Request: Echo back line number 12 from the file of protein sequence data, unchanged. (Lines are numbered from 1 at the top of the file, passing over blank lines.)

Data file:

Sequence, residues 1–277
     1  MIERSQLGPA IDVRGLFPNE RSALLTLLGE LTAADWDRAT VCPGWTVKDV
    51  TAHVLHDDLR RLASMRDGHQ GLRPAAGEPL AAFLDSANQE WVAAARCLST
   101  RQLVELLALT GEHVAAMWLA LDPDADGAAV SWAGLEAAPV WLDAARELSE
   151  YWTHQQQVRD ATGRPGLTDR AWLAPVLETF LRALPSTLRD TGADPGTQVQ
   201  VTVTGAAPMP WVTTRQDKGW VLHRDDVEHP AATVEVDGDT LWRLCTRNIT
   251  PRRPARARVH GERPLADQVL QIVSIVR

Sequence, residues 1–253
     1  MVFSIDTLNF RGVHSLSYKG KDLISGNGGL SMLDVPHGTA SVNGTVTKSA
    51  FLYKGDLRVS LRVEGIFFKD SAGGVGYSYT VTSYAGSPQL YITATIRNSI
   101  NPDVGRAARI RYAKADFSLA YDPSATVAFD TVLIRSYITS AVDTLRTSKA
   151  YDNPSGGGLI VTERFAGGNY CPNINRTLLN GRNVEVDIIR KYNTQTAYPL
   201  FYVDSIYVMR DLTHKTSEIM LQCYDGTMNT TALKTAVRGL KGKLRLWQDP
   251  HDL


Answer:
   151  YDNPSGGGLI VTERFAGGNY CPNINRTLLN GRNVEVDIIR KYNTQTAYPL